The Mountain Communities Fire Code Committee heard from San Bernardino County officials and the public last week in the first of its meetings open to audience members.
“Today, the San Bernardino people will tell us about how they implement their program,” said Cal Fire Battalion Chief Charlie De Hart, law enforcement and investigations, and committee chair.
Gregg Torrance of the San Bernardino County Fire Hazard Abatement group emphasized that abatement regulations are applied throughout the county, including undeveloped properties in its mountain communities. However, there are limits to what his staff can accomplish.
“We conduct mostly windshield surveys. We have seven inspectors and more than 43,000 notices,” he explained. “We have to be able to see [a violation] unless there is a complaint [about the property].”
About 10 percent of the notices result in action, he stated. After a notice of violation is mailed, they conduct a second inspection. If the hazards are removed, there are no fees. If the hazards are still present, a $124 administrative fee is applied and a third inspection conducted. At least a 30-day period falls between inspections.
For properties with a dwelling or structure, a $126 warrant procurement fee may also be charged and if necessary, they will seek a work order to have a county contractor do the abatement. This can cost up to $351 per hour depending upon the contractor.
If the property owner does not pay for the abatement costs, Torrance said a lien is placed on the property. Owners can appeal to a special board, not the courts, and there is a charge for the appeal.
Examples of the violations include weeds and grass taller than 4 inches; pine needles, cones or leaf litter more than 2 inches in depth; and dead trees.
He stressed that abatement is enforced within 100 feet of structures, including neighboring lots, even if they are vacant. “Whoever owns the property has to clean or gets a notice,” he affirmed. A description with pictures of how to create defensible space is available at www.readyforwildfire.org/defensible_space.
Warren Faurot, a member of the public attending the meeting, asked, “If abatement reduces the value of a property, has that ‘taking’ been tested in court?” None of the meeting participants were aware of any court cases addressing this question, although they believed that the necessary abatement should reduce the risk of fire and therefore improve the property.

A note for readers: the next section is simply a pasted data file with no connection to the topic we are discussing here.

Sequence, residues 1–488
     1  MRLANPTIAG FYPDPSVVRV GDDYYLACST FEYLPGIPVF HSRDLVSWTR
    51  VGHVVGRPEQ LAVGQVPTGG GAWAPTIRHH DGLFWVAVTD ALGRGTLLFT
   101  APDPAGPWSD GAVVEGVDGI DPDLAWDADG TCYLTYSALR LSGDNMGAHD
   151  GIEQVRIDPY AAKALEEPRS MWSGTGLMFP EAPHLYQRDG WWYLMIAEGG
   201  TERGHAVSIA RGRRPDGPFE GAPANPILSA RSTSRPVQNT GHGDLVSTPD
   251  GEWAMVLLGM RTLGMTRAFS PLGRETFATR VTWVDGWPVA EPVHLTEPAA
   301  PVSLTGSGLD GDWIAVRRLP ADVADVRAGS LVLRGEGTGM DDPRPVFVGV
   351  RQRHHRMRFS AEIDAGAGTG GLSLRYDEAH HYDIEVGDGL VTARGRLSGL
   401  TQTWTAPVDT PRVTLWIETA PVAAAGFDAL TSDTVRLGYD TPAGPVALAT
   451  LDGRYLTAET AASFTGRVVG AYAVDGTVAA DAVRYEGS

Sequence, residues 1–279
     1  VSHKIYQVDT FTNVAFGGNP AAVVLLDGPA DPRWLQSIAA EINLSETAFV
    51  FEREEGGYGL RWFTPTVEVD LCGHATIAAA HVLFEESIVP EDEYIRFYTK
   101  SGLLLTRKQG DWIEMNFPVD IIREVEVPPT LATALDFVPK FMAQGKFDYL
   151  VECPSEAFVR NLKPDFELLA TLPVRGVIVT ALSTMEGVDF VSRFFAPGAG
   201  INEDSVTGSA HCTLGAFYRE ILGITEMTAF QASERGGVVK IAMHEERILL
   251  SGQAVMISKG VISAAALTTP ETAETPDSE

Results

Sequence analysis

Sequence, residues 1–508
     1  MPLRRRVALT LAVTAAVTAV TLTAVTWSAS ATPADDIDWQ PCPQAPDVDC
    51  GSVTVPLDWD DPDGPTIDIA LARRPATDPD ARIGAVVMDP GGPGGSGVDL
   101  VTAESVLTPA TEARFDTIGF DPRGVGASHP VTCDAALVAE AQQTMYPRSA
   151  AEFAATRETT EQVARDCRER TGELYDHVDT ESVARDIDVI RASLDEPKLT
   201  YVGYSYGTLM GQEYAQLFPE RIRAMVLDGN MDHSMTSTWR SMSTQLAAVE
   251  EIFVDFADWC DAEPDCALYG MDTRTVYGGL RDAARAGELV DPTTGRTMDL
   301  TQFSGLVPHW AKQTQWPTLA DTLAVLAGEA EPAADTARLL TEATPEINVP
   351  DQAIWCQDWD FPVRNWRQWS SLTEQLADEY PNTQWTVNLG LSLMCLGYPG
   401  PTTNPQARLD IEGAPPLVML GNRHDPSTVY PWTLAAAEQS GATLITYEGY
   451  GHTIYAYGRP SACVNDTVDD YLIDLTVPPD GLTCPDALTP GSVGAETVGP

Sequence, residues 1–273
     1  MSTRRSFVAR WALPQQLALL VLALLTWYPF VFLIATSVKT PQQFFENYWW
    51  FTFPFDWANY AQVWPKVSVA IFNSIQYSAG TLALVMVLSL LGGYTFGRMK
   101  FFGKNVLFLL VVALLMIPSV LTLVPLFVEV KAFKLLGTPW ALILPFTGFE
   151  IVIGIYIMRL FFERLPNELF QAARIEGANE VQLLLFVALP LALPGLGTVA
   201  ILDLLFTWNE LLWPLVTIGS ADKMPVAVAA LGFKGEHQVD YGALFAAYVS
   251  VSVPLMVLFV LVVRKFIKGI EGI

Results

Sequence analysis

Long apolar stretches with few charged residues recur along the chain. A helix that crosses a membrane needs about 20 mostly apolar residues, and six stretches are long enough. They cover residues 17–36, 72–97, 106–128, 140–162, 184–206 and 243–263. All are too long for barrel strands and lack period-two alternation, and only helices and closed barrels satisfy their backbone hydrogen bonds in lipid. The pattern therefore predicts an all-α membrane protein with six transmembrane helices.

If fire agencies can adequately implement and enforce the state’s public resource code (4291) for defensible space, Marge Muir of Pine Cove suggested that vacant lots might be addressed within the community.
And Scott Fisher of Pine Cove asked why any enforcement needed to change. “It’s already working and [these actions] won’t change any fire-insurance rating. That’s largely based on the proximity to the national forest and state lands.”
Fire threats can emanate miles away, not just from adjacent lots, Fisher said, and referred to the numerous fire brands that floated miles during the Mountain Fire.
However, De Hart replied that firefighters’ safety was another important criterion.
Before the meeting ended, De Hart stressed that the committee was still evaluating the issues and possible solutions and would meet again with County Fire Chief John Hawkins.
“We don’t want to change the environment. We just want to reduce the levels of fire threat that create hazards,” said Riverside County Fire Inspector Joe Lewis. “Defensible space is not moon-scaping. It’s also removing hazard to you, firefighters and law enforcement.”
Some Pine Cove residents confront committee
As the latest Mountain Communities Fire Code meeting began, Pine Cove residents Norm Cassen and wife, Shari, expressed their disappointment and objection about how the process has evolved.
“It’s an insult to the community that the only group represented is the Mountain Communities Fire Safe Council,” Shari said. She and her husband urged representation from local businesses, especially the real estate industry, and other volunteer groups with large memberships.
Then Norm accused MCFSC of a conflict of interest, charging them with gaining a financial interest with each property abated.
In fact, MCFSC seeks grant funds to perform the numerous projects on the Hill, including the wood-shake shingle replacement. Funding agencies usually require some matching contribution from the property owner.
Besides reviewing abatement contractors, MCFSC will oversee the contracts and ensure abatement occurs within the current county regulations. This staff is paid and a portion of grant funds covers these costs.
Norm also accused the county of using the fire code implementation to “build a cadre of inspectors.” This staff would be paid for from money such as the state fire prevention fee.
The committee had been waiting to hear about the San Bernardino County program since December. Twice, a meeting was scheduled, but the San Bernardino officials had to postpone because of weather conditions and other reasons. Nevertheless, Norm admonished the committee for canceling those meeting and implied the reason was lack of openness.